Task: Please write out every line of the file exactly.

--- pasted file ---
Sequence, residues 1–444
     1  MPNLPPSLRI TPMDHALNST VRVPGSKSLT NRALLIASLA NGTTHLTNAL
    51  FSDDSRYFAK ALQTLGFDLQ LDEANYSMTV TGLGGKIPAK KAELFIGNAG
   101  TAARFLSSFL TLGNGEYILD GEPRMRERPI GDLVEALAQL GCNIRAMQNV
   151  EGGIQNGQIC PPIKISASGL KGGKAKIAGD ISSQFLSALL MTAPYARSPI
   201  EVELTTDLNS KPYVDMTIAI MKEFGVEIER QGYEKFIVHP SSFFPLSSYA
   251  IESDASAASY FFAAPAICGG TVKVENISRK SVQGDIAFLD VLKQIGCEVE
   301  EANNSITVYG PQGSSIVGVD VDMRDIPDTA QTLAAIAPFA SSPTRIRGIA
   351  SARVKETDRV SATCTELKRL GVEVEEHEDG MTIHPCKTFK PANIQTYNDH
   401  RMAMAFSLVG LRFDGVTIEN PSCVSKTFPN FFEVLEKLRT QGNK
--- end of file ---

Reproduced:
Sequence, residues 1–444
     1  MPNLPPSLRI TPMDHALNST VRVPGSKSLT NRALLIASLA NGTTHLTNAL
    51  FSDDSRYFAK ALQTLGFDLQ LDEANYSMTV TGLGGKIPAK KAELFIGNAG
   101  TAARFLSSFL TLGNGEYILD GEPRMRERPI GDLVEALAQL GCNIRAMQNV
   151  EGGIQNGQIC PPIKISASGL KGGKAKIAGD ISSQFLSALL MTAPYARSPI
   201  EVELTTDLNS KPYVDMTIAI MKEFGVEIER QGYEKFIVHP SSFFPLSSYA
   251  IESDASAASY FFAAPAICGG TVKVENISRK SVQGDIAFLD VLKQIGCEVE
   301  EANNSITVYG PQGSSIVGVD VDMRDIPDTA QTLAAIAPFA SSPTRIRGIA
   351  SARVKETDRV SATCTELKRL GVEVEEHEDG MTIHPCKTFK PANIQTYNDH
   401  RMAMAFSLVG LRFDGVTIEN PSCVSKTFPN FFEVLEKLRT QGNK